July 20, 2024

The Lake Tribune

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Eclipse Sickness: Unpacking the Phenomenon Following Today’s Solar Eclipse

2 min read

Young woman lying on bed (IStock Photo)

United States (The Lake Tribune) In the aftermath of today’s highly anticipated 2024 Total Solar Eclipse, which brought moments of daytime darkness across parts of the US, social media has been abuzz with discussions about an unusual condition referred to as “eclipse sickness.” Reports have surfaced from individuals experiencing an array of symptoms, from anxiety and headaches to other peculiar sensations, all attributed to the celestial event. But is there any scientific basis to these claims, or is this phenomenon more of a psychological response?

Understanding Eclipse Sickness

“Eclipse sickness” or “eclipse anxiety” describes a range of symptoms that some claim to experience in connection with solar eclipses. Proponents of the concept suggest that the sudden darkness and deviation from normal routines can trigger heightened feelings of fear, stress, and anxiety. Janet Patterson of Bridgehaven Mental Health Services notes an increase in patient symptoms or health service visits around celestial events, including eclipses, though such observations are largely anecdotal.

Contrary to these reports, NASA has categorically denied any direct physical link between solar eclipses and human health, emphasizing that correlations between health incidents and eclipses are incidental and lack scientific support.

Causes Behind Eclipse Anxiety

The anxiety experienced by some during an eclipse may stem from the disruption of familiar routines rather than the astronomical event itself. Amanda Gabehart, a Louisville resident, describes how deviations from the norm, such as those caused by large-scale events like a solar eclipse, can provoke a stress response, disrupting one’s sense of security.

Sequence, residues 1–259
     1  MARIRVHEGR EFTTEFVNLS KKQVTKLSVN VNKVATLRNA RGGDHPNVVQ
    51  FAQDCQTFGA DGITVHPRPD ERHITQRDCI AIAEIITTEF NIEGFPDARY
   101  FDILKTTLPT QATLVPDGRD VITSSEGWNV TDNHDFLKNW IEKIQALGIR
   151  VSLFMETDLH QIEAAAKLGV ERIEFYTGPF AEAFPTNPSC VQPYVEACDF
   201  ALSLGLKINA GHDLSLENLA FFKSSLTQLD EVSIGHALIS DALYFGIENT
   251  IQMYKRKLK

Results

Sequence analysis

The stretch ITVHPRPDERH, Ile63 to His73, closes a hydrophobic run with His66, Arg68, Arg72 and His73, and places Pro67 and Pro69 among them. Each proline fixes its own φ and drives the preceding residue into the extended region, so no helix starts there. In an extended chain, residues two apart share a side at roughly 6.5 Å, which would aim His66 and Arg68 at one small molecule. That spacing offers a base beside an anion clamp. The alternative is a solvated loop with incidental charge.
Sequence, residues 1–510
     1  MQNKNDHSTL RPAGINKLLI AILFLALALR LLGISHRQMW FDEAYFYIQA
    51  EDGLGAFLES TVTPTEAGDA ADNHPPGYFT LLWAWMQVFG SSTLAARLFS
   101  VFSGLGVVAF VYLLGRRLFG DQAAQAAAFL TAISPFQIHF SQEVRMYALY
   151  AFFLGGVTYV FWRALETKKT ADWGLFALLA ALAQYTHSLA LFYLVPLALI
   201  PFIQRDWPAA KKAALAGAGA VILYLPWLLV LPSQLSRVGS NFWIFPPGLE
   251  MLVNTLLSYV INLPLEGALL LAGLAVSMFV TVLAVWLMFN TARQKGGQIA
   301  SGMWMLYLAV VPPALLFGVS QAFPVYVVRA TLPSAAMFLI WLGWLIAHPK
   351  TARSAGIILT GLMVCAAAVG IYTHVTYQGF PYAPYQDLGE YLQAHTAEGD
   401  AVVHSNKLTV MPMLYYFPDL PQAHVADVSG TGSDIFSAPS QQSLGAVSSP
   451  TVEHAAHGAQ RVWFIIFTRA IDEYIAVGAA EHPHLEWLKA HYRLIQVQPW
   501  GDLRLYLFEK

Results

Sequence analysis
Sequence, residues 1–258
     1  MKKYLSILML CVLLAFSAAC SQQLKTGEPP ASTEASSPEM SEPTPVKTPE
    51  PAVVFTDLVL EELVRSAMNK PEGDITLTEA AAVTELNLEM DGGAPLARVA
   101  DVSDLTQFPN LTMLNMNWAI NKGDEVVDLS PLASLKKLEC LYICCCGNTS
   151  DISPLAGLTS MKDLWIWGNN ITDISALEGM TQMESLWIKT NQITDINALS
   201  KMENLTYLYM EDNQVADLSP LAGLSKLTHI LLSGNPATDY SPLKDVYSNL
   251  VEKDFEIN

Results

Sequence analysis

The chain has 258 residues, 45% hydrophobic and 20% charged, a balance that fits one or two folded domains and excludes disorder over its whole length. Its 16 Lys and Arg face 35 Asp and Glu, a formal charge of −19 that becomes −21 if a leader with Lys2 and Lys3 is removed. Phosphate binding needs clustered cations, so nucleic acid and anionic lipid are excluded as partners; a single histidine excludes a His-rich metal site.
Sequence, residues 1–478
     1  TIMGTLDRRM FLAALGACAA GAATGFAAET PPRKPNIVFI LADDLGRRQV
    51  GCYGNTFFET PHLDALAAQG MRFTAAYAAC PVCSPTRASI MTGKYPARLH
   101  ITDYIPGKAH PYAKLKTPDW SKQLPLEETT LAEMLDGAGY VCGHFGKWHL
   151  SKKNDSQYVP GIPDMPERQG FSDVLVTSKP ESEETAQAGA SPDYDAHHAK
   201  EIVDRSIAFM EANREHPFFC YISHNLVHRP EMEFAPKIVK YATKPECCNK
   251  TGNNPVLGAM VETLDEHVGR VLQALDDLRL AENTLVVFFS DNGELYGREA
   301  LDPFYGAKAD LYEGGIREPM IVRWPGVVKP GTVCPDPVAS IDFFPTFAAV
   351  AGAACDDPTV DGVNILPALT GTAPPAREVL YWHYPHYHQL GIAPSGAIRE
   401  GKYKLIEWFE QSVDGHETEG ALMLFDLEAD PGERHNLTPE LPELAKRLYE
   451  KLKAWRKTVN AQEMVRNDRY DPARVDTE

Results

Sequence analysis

Eclipse Anxiety Versus Other Anxiety Disorders

It’s important to distinguish eclipse anxiety from generalized anxiety disorder (GAD) and social anxiety disorder, both of which are recognized mental health conditions with established diagnostic criteria and treatment options. Eclipse anxiety, lacking a scientific foundation, is described as occurring specifically around the time of an eclipse.

Social Media’s Role

The proximity of the 2024 eclipse has seen a surge in online reports of “eclipse sickness,” with individuals sharing experiences of unusual symptoms they associate with the event. Experts caution against hastily linking these symptoms directly to the eclipse, suggesting that anticipation or anxiety about the event may play a significant role.

The Scientific Perspective

While a solar eclipse can disrupt normal light patterns and potentially affect circadian rhythms, there is no evidence to support the notion that it can induce stress, anxiety, or physical illness. The primary health concern related to eclipses is the risk of eye damage from viewing the sun without appropriate protection, not the nebulous concept of eclipse sickness.

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